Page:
Appendix

Biographical Sketches of Panel Members and Staff

Katharine G. Abraham (Chair) is currently professor of survey methodology and affiliate professor of economics at the University of Maryland. She was commissioner of the Bureau of Labor Statistics, from 1993 to 2001. She taught at the University of Maryland and the Sloan School of Management at the Massachusetts Institute of Technology and was a research associate at the Brookings Institution. She has been an associate editor of the Quarterly Journal of Economics and an assistant editor of the Brookings Papers on Economic Activity. She is a member of the American Economic Association, the National Association for Business Economics, the Industrial Relations Research Association, and the Committee on the Status of Women in the Economics Profession. She received her Ph.D. in economics from Harvard University in 1982. She received the Distinguished Achievement Citation from the Iowa State University Alumni Association in 2000.

Dora Costa, is the Ford Career Development associate professor of economics at the Massachusetts Institute of Technology and a research associate in the National Bureau of Economic Research's programs on the development of the American economy and on aging. She received her B.A. in economics and mathematics from the University of California, Berkeley in 1986 and her Ph.D. in economics from the University of Chicago in 1993. Her research focuses primarily on issues in labor economics, demography, and health, as interpreted over the long span of American economic history. Her work has covered a wide range of topics including: retirement, elderly living arrangements, determinants of older age mortality and morbidity, long-term trends in the health of the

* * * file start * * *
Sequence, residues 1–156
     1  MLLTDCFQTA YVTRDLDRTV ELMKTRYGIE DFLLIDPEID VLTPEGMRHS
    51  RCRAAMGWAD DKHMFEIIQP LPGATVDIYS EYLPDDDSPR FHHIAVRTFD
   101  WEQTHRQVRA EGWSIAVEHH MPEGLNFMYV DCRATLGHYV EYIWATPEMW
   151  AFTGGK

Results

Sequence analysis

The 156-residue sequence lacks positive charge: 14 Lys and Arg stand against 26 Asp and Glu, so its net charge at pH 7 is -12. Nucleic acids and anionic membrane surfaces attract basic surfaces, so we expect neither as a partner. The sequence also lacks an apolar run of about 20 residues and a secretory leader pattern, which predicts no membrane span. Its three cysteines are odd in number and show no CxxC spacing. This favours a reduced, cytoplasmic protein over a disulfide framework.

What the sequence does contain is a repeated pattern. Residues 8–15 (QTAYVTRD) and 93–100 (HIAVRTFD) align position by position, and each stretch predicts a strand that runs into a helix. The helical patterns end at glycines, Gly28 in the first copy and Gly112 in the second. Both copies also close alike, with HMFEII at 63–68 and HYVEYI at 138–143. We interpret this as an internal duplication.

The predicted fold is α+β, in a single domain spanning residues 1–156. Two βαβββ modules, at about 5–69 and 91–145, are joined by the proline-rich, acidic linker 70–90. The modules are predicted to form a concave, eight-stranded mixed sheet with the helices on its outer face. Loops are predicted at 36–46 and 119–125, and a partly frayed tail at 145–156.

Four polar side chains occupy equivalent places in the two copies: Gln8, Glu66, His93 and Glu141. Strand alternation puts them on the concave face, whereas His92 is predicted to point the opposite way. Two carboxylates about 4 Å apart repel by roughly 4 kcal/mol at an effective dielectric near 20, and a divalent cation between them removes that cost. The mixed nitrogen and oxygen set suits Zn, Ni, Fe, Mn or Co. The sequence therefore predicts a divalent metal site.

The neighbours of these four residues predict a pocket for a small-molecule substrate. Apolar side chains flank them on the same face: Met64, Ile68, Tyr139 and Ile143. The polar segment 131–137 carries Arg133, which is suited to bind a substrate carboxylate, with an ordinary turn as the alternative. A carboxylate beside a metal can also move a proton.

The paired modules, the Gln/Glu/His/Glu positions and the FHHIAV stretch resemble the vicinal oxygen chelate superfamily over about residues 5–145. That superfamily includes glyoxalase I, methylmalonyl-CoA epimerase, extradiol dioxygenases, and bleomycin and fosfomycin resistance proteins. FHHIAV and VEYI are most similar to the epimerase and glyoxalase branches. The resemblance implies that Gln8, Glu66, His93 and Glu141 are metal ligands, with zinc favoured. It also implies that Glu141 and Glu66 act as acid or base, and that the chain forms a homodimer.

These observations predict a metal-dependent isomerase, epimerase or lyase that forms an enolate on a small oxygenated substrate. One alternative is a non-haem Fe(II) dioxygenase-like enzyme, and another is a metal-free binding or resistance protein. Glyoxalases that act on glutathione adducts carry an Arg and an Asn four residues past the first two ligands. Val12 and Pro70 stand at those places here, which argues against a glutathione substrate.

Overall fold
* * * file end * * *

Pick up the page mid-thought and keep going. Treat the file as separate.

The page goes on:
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Appendix Biographical Sketches of Panel Members and Staff Katharine G. Abraham (Chair) is currently professor of survey methodology and affiliate professor of economics at the University of Maryland. She was commissioner of the Bureau of Labor Statistics, from 1993 to 2001. She taught at the University of Maryland and the Sloan School of Management at the Massachusetts Institute of Technology and was a research associate at the Brookings Institution. She has been an associate editor of the Quarterly Journal of Economics and an assistant editor of the Brookings Papers on Economic Activity. She is a member of the American Economic Association, the National Association for Business Economics, the Industrial Relations Research Association, and the Committee on the Status of Women in the Economics Profession. She received her Ph.D. in economics from Harvard University in 1982. She received the Distinguished Achievement Citation from the Iowa State University Alumni Association in 2000. Dora Costa, is the Ford Career Development associate professor of economics at the Massachusetts Institute of Technology and a research associate in the National Bureau of Economic Research's programs on the development of the American economy and on aging. She received her B.A. in economics and mathematics from the University of California, Berkeley in 1986 and her Ph.D. in economics from the University of Chicago in 1993. Her research focuses primarily on issues in labor economics, demography, and health, as interpreted over the long span of American economic history. Her work has covered a wide range of topics including: retirement, elderly living arrangements, determinants of older age mortality and morbidity, long-term trends in the health of the